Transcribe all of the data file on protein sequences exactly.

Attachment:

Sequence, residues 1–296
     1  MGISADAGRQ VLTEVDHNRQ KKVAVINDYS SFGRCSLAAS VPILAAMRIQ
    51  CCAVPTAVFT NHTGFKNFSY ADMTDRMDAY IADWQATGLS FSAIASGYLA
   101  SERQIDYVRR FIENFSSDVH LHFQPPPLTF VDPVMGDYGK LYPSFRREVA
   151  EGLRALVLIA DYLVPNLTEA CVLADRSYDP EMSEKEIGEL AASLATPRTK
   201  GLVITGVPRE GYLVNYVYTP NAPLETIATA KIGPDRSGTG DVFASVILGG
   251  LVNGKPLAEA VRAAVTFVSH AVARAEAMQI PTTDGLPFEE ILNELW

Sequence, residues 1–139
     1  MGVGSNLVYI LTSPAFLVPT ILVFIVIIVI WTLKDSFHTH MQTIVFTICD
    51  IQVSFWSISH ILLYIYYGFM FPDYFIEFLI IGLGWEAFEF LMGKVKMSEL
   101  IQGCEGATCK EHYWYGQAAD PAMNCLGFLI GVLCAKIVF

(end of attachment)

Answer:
Sequence, residues 1–296
     1  MGISADAGRQ VLTEVDHNRQ KKVAVINDYS SFGRCSLAAS VPILAAMRIQ
    51  CCAVPTAVFT NHTGFKNFSY ADMTDRMDAY IADWQATGLS FSAIASGYLA
   101  SERQIDYVRR FIENFSSDVH LHFQPPPLTF VDPVMGDYGK LYPSFRREVA
   151  EGLRALVLIA DYLVPNLTEA CVLADRSYDP EMSEKEIGEL AASLATPRTK
   201  GLVITGVPRE GYLVNYVYTP NAPLETIATA KIGPDRSGTG DVFASVILGG
   251  LVNGKPLAEA VRAAVTFVSH AVARAEAMQI PTTDGLPFEE ILNELW

Sequence, residues 1–139
     1  MGVGSNLVYI LTSPAFLVPT ILVFIVIIVI WTLKDSFHTH MQTIVFTICD
    51  IQVSFWSISH ILLYIYYGFM FPDYFIEFLI IGLGWEAFEF LMGKVKMSEL
   101  IQGCEGATCK EHYWYGQAAD PAMNCLGFLI GVLCAKIVF